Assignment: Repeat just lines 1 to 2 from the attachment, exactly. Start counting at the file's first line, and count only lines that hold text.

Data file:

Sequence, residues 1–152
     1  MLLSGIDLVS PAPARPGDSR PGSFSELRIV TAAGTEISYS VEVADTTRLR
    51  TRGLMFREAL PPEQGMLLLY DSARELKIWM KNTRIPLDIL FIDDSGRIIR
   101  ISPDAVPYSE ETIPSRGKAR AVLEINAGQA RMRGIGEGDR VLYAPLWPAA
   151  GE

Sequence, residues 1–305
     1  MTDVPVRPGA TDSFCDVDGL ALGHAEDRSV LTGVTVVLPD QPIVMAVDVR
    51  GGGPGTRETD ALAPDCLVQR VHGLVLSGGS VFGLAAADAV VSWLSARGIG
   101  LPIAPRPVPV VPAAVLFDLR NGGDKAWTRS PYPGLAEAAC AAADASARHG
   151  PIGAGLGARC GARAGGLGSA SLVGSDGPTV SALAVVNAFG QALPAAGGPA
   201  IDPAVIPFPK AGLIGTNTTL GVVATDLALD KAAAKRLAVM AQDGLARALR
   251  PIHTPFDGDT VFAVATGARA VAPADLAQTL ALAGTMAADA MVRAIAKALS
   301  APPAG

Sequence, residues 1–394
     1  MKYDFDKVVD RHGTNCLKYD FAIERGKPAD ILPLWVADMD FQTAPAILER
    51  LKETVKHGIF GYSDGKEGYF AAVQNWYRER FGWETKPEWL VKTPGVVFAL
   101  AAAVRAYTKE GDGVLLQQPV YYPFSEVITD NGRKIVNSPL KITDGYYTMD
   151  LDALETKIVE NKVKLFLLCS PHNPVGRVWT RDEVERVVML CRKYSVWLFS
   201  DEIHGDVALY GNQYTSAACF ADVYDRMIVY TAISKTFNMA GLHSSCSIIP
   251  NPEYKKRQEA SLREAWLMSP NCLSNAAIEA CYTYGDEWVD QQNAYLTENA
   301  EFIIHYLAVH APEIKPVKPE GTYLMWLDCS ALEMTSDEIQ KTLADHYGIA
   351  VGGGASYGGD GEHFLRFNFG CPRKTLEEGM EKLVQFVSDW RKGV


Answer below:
Sequence, residues 1–152
     1  MLLSGIDLVS PAPARPGDSR PGSFSELRIV TAAGTEISYS VEVADTTRLR